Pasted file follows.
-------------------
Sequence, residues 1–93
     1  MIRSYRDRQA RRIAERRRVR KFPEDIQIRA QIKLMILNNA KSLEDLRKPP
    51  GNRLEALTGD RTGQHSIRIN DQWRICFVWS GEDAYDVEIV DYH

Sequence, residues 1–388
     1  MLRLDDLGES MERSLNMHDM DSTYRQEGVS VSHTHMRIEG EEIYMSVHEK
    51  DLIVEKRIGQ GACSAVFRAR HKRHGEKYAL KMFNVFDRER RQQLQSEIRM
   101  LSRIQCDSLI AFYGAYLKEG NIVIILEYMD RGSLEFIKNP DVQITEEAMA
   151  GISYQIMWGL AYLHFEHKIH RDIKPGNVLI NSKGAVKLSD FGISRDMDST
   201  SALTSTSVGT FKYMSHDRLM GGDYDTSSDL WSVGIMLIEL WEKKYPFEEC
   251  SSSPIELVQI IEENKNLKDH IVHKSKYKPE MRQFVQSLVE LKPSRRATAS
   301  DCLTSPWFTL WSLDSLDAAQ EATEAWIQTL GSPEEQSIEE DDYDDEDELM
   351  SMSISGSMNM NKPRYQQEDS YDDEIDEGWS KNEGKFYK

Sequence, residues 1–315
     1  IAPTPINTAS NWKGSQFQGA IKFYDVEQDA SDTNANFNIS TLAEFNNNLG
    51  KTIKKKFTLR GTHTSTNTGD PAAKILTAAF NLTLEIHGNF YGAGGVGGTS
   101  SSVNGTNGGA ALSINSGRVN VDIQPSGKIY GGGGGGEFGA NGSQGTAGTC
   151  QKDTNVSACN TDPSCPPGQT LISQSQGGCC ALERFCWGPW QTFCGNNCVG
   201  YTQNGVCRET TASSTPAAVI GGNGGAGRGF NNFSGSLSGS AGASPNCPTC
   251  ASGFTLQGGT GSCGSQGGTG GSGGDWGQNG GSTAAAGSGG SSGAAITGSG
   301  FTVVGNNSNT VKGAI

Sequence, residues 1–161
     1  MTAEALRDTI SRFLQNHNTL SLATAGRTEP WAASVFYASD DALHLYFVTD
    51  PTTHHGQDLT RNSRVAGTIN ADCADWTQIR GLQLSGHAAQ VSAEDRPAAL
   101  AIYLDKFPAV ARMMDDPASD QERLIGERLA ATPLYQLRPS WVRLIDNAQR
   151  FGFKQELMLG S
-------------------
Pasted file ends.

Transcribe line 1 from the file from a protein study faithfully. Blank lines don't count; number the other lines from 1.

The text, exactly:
Sequence, residues 1–93